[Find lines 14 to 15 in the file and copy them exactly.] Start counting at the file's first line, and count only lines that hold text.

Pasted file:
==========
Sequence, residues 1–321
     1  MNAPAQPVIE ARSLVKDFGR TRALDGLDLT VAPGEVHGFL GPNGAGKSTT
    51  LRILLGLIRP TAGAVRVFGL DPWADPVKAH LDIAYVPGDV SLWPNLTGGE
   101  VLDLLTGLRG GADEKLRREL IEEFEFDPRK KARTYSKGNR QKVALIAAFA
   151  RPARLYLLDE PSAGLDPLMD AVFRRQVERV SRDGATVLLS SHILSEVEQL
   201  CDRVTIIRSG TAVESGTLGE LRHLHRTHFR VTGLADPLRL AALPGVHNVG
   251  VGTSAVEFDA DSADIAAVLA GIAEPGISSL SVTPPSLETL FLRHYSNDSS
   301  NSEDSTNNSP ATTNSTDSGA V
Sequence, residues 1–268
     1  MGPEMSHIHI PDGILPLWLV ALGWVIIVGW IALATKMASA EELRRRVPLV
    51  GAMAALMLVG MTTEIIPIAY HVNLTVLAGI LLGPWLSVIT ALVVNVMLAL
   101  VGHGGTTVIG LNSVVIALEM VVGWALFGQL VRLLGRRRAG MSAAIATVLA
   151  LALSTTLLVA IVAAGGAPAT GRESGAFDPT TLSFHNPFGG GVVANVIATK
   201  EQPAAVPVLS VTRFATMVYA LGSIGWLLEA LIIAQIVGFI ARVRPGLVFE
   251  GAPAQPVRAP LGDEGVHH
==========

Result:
   201  EQPAAVPVLS VTRFATMVYA LGSIGWLLEA LIIAQIVGFI ARVRPGLVFE
   251  GAPAQPVRAP LGDEGVHH